You can get a used digital DSLR that provides 98% the same image quality of the latest $8,000 DSLR for about $400 to $1,300. Sure this is more then most used film bodies, but not a lot of money either. As to a computer, well, 9 times out of 10 a person is going to have a computer anyways, regardless of whether he shoots film or digital or both. As to software, you don't have to purchase PhotoShop and there are many cheaper and often free post processing programs out there that are very good. And as to upgrades, no one needs to upgrade their software every time it gets upgrade by the vendor. Skipping 1-3 upgrades is not necessarily a bad thing, and bug patches and fixes are all free too. Memory cards are dirt cheap, as are harddrives, and optical disks.

    I have found in my own personal experience, and looking at countless others set ups, digital is by far cheaper, especially if one shoots a lot. And the cost of a decent DSLR can easily be offset by the amount of money one will save over the purchase of film & processing, and in the first 6-12 months of shooting.

    Still, I prefer film for black & white pictures, and the higher cost of shooting film does not prevent me from doing so, over digital. To point to so called cost savings as a reason to shoot film is a reason that has no basis in reality. I shoot film because I prefer it's look to digital, and costs has nothing to do with it. These days I shoot with film 95% of the time.

    I have to beg to differ. I agree about the second hand DSLR's and in fact that is the point of my original Post...the OEM gains nothing for that...but film companies keep selling regardless of whether you buy a second hand film camera or new.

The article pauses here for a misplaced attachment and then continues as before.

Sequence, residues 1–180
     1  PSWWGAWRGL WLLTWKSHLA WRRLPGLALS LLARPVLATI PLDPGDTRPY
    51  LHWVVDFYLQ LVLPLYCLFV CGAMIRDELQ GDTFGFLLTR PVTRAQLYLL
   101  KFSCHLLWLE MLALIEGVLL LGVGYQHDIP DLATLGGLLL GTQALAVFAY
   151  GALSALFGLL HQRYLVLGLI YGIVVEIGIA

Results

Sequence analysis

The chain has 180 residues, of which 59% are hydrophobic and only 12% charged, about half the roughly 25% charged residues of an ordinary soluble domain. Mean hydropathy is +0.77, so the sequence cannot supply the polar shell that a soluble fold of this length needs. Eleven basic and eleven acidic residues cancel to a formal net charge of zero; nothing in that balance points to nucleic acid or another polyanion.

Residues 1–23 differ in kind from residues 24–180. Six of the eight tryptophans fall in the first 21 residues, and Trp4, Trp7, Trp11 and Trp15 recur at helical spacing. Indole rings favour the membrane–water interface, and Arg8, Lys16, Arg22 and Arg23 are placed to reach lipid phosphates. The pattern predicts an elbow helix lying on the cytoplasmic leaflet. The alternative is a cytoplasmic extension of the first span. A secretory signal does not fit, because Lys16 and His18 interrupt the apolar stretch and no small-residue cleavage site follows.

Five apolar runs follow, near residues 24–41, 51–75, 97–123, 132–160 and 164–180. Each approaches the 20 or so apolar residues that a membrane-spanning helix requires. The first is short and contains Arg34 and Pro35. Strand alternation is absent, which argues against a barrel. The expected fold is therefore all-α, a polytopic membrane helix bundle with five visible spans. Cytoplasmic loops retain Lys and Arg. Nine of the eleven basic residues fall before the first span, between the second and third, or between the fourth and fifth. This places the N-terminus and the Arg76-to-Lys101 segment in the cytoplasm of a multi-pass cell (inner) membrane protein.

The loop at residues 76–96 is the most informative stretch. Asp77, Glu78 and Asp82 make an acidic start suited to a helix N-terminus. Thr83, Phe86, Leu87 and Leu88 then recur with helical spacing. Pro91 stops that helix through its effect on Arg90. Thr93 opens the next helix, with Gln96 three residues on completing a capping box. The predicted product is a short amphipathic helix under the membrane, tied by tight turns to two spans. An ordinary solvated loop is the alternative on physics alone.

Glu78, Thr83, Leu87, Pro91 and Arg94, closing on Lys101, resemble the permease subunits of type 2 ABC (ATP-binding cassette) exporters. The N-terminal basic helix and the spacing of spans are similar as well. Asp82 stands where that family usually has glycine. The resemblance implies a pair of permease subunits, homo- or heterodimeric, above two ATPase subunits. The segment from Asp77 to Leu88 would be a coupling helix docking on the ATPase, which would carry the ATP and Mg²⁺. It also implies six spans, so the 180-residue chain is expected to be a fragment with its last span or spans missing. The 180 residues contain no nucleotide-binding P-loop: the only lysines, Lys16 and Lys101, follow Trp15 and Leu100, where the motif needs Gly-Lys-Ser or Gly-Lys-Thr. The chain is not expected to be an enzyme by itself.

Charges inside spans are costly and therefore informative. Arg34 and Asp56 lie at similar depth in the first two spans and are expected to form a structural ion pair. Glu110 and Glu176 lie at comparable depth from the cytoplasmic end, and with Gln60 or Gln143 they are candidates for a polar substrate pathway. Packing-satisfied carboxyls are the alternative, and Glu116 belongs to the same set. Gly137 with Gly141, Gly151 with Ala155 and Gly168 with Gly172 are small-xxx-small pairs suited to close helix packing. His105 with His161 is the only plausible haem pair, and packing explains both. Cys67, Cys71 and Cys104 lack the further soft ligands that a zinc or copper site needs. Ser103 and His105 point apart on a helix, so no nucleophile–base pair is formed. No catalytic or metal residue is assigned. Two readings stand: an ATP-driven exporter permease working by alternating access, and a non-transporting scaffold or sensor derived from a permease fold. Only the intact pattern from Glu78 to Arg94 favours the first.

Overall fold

On the subject of cost of digital, Hollywood is already facing the crisis of digital storage that is now estimated to be 200 times more expensive than film reels. The main costs reside in issues of back-ups, software long term compatibility...will your Raw file or Tiff be recognisable in 30 yrs? How mcuh will it cost you to convert. How often will you need to find new space to archive back-up in the next 30yrs? The reality is probably alot less than 200 times for a photographic as opposed to move archive (due to file size), but it will be more than film when considered in terms of life cycle costs. I can scan my negs in 20yrs in to any format.....try and open an Amipro file (old Lotus word processing file) today in Windows...K

  4. #24
    JBrunner's Avatar
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    Quote Originally Posted by SilverGlow View Post
    I beg to differ Jason.

    You can get a used digital DSLR that provides 98% the same image quality of the latest $8,000 DSLR for about $400 to $1,300. Sure this is more then most used film bodies, but not a lot of money either. As to a computer, well, 9 times out of 10 a person is going to have a computer anyways, regardless of whether he shoots film or digital or both. As to software, you don't have to purchase PhotoShop and there are many cheaper and often free post processing programs out there that are very good. And as to upgrades, no one needs to upgrade their software every time it gets upgrade by the vendor. Skipping 1-3 upgrades is not necessarily a bad thing, and bug patches and fixes are all free too. Memory cards are dirt cheap, as are harddrives, and optical disks.